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An Interview with Kyle Johannessen, Director and Writer, Greg Metro, Writer, and Justine Gendron, Editor of Devil May Care

by Mike Haberfelner

April 2014

Kyle Johannessen on (re)Search my Trash

Greg Metro on (re)Search my Trash

Justine Gendron on (re)Search my Trash


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Your movie Devil May Care - in a few words, what is it about?


KYLE: I would say Devil May Care is about a lot of things. Mostly, for me anyway, it's about taking that first step to forgiveness and a family struggling to reconcile the horrible things that one of them has done. Movies like to make forgiveness look easy, but it isn't always. Sometimes it takes work.


GREG: To me, what the movie is about is surprising, because it's not about forgiveness, or redemption, or reconciliation. It's actually about getting to the very first step before all that. The struggle and thought process one needs to go through in order to either go back to the status quo or move forward to achieve those things.


How did the project come into being in the first place, and how did you all get involved? And how did you meet up in the first place?


KYLE: Justine and I were making movies all the way back in high school and even went to film school together and Greg Metro has been my friend and writing partner for a very long time. I was going to take a different route to film Devil May Care but when she read it, she asked to be involved and really put us on the right track.

GREG: Kyle, Justine, and I have known each other since we were freshmen in high school, and that is where we found our common interest in storytelling. Writing up scripts and shooting them at our houses with our friends on a Handicam. Justine and Kyle went to college together in Chicago to study film while I stayed in MA and studied Communication with my focus in Digital Media. It was in those years where Kyle came to me with the concept of this movie. From there it evolved from various drafts and took on a more personal tone for Kyle. Once Kyle and I got it to a point where we really felt good with it we showed to Justine and she fell in love with it. After a bit more tweaking, the rest is history.


Nat Sylva

JUSTINE: We've been friends for half our lives, which is scary to say. Kyle and I have acted in plays together. Kyle and Greg formed a band in my parents' basement. We've always found a way to express ourselves through art - and filmmaking is our biggest passion. I saw Kyle posting on Facebook about his latest script he wrote and I was like, "Oh yeah? Sure, let me read this new script." And then it turned out to be really, really good so I said let's make it right.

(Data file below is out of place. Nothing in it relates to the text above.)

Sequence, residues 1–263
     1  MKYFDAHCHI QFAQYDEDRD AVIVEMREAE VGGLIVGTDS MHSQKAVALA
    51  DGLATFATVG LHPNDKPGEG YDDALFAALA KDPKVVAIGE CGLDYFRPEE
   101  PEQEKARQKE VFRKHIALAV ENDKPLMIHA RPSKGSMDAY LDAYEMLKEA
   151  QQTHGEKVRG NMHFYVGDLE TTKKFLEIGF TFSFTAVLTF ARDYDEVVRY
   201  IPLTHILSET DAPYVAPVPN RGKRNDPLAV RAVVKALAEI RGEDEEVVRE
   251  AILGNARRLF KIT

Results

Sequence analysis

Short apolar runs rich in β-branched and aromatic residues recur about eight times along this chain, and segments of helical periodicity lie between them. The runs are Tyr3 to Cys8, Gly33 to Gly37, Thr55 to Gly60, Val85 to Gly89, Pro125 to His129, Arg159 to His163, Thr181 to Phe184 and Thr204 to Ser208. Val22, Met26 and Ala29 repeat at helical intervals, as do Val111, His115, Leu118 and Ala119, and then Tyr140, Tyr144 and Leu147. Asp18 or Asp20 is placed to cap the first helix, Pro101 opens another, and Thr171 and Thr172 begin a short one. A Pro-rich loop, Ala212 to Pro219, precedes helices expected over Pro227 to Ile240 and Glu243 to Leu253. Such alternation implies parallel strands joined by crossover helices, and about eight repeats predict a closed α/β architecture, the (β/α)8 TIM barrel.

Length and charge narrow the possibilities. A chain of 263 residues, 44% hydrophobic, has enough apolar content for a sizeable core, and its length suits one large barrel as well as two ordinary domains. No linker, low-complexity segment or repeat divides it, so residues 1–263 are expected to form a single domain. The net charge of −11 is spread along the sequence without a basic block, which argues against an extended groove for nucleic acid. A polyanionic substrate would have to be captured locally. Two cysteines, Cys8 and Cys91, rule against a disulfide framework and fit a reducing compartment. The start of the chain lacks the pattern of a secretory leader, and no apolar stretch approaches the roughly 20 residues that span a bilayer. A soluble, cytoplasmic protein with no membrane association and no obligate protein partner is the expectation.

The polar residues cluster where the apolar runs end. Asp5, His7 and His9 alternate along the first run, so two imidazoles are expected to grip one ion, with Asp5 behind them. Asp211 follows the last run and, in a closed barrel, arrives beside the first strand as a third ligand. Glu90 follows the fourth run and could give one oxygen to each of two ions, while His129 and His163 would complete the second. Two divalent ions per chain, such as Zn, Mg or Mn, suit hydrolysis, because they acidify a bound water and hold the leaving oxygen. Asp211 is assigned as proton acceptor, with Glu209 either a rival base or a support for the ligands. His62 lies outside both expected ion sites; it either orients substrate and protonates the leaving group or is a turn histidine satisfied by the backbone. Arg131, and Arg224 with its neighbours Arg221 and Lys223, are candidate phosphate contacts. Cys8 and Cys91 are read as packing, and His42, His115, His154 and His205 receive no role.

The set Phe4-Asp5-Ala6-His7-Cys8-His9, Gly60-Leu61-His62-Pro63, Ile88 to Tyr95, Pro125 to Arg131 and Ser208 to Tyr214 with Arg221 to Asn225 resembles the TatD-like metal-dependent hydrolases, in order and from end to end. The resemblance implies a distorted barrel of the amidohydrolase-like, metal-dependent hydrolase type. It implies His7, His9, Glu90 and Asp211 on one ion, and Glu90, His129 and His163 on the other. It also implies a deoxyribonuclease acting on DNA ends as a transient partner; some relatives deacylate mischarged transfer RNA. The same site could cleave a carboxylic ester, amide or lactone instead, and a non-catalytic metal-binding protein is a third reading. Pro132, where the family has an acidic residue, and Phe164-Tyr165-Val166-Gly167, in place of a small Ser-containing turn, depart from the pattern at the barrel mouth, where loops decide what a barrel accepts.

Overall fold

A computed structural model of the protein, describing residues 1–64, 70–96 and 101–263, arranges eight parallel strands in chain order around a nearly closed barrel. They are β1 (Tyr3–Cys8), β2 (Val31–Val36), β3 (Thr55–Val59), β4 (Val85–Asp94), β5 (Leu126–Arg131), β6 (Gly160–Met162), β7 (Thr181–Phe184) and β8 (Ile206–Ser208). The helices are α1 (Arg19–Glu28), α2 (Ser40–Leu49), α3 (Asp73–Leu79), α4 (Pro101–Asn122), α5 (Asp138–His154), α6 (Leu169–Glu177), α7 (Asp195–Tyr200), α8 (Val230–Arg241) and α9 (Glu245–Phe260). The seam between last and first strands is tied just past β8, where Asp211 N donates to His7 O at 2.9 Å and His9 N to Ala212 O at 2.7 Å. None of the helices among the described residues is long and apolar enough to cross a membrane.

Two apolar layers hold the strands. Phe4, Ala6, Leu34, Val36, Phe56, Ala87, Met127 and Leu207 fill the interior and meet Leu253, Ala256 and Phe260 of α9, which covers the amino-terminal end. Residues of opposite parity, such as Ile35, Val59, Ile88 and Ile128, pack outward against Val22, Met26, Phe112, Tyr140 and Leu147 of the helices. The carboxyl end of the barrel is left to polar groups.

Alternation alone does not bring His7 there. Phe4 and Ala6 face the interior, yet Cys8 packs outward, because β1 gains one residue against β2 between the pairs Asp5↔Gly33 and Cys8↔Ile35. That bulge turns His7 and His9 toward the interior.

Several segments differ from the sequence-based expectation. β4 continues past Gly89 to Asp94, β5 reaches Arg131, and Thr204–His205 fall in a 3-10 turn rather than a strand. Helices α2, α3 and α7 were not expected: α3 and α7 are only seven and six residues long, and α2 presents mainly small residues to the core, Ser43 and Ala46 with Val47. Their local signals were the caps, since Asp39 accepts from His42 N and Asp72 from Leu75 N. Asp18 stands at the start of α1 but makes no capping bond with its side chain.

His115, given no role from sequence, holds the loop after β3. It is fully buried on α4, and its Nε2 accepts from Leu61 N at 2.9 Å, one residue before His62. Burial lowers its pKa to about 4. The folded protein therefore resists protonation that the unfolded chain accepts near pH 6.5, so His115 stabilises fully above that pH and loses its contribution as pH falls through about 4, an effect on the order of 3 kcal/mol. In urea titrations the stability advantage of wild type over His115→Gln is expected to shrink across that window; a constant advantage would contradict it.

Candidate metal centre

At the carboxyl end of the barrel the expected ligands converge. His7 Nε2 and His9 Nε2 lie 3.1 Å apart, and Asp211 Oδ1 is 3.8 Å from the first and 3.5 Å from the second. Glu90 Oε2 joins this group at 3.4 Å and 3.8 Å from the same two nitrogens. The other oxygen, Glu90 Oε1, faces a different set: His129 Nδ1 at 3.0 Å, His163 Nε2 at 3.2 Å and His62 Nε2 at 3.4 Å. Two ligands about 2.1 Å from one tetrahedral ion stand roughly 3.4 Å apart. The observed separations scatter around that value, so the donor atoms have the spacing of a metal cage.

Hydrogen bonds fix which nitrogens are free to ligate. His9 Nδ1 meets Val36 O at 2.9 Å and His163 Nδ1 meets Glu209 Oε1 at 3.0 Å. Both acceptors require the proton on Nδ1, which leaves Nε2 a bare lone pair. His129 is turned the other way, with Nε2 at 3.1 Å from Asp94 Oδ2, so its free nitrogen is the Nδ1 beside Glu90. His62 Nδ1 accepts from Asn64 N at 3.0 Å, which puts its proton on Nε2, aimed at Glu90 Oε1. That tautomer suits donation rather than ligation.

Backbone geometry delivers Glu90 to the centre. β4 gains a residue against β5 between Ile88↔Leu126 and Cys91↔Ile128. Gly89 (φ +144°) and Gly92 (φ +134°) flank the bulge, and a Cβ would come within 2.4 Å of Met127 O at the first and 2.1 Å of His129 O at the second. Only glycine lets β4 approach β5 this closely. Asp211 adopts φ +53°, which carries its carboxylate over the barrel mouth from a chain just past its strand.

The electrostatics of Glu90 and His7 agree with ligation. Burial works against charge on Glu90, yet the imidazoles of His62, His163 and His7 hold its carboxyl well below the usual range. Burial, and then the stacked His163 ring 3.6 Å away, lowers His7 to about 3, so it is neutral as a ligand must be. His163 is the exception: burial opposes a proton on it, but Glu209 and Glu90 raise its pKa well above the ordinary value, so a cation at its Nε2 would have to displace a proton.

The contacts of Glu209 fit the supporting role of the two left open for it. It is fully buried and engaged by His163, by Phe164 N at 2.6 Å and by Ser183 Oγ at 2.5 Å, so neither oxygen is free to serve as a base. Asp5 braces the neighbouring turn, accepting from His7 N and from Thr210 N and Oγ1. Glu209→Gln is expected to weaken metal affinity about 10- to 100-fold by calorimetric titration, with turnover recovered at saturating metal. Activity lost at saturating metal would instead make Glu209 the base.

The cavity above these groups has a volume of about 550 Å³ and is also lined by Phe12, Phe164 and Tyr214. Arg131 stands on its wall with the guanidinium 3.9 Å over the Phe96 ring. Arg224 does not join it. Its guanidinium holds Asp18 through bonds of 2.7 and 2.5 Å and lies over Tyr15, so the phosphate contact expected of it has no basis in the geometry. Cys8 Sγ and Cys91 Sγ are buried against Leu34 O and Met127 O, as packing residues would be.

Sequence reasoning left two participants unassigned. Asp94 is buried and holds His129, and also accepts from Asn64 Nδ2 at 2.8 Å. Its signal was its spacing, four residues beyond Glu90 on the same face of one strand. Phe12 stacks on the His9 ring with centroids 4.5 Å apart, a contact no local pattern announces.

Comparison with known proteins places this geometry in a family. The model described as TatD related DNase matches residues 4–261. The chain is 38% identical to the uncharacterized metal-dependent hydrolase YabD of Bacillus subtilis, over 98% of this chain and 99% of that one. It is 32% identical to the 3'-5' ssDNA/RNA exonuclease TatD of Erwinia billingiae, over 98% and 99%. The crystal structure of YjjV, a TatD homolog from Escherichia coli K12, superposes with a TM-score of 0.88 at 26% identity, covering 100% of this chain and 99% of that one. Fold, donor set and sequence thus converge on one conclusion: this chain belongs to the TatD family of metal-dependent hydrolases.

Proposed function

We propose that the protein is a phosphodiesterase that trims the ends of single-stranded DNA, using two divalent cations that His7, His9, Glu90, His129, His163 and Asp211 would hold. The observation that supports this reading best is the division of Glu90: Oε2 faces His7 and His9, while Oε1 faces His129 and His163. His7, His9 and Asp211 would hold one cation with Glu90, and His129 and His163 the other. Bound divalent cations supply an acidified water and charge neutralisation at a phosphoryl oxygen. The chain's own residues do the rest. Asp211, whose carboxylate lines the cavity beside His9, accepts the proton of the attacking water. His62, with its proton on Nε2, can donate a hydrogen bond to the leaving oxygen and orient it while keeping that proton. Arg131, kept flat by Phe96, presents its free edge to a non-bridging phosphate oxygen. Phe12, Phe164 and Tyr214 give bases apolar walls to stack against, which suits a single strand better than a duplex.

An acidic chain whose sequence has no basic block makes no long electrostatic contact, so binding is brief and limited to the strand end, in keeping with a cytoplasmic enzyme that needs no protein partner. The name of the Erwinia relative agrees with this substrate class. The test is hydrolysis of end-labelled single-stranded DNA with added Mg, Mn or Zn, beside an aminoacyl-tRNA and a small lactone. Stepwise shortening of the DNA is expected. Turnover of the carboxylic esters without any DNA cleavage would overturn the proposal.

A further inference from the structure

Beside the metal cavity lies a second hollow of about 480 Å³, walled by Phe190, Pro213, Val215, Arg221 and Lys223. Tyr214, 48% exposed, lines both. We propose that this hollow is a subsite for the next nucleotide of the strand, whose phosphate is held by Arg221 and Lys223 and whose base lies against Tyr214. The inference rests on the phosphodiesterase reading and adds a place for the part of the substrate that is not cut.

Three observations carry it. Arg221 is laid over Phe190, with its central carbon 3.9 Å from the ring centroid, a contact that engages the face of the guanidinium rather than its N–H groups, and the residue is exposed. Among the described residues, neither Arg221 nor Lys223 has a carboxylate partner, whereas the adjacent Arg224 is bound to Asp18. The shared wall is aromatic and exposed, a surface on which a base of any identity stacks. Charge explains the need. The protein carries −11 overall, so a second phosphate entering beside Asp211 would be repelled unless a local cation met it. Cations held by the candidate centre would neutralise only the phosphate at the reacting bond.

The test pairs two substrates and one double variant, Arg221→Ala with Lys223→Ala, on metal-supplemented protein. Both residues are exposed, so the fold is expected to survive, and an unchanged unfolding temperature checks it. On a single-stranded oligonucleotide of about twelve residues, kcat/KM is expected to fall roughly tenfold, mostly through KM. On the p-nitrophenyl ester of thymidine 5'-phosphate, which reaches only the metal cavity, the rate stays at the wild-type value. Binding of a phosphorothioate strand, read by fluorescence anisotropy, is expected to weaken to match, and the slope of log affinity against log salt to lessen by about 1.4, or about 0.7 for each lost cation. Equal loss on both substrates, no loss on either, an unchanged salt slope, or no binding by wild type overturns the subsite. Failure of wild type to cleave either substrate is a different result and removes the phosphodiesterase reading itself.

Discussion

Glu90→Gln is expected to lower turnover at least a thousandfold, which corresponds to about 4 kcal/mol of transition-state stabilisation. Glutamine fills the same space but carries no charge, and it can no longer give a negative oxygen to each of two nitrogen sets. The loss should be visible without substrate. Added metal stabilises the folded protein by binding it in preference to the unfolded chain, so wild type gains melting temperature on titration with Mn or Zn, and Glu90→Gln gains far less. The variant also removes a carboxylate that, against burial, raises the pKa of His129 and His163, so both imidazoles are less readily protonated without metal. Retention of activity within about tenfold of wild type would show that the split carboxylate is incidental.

Devils and Angels, Heaven and Hell - what did you find inspiring about this topic, and in your private life, would any of you describe him/herself as a religious person?


KYLE: I am not a religious person in the least, but I needed a character that was instantly irredeemable without getting into a lot of backstory. I was also interested in portraying the Devil as bored and miserable which we haven't really seen before. He has been doing the same thing for millions of years and still hasn't taken over Heaven. I feel like he'd just be fed up at this point. My major inspiration was that I have a close family member that struggled for many years with drug addiction and those years were an absolute Hell on earth for me and my family. Although that family member has now been clean for many years, I still haven't healed completely and the movie is about those feelings.


Diana Porter

GREG: I'm not very religious myself, but I do find mythology of all kinds interesting. We weren't really focused on the religious or supernatural aspects of this story, what we were really looking at was the family aspect. The father and son having a profound falling out, the son after years trying to reconcile with his family, these were the aspects we were truly after.


Do talk about the film's look and feel for a bit - and since you three all had production duties on Devil May Care, how did you get along when it came to creative decisions and the like?


KYLE: I knew I wanted a really washed out look for the film and we were really lucky that it was so overcast the weekend we filmed because it really helped achieve that. We are seeing everything through Lou's eyes and he does not have a high opinion of earth. Mikel J. Wisler, the director of photography, is amazing and has a fantastic eye and really allowed me to focus on framing the shots and working with the actors. We built up a great level of trust and even though he is semi-sorta retired, I hope I can convince him to work on my next project.


Jay Dunigan

GREG: The film takes a somber tone with the overcast gray sky and haunting music, but it also has a feeling of hope that maybe, just maybe, even the Devil can change. I love working with these two, I feel our strengths compliment each other so well. Sure we bump heads from time to time but who doesn't? Once we get on the right path there really is no stopping us.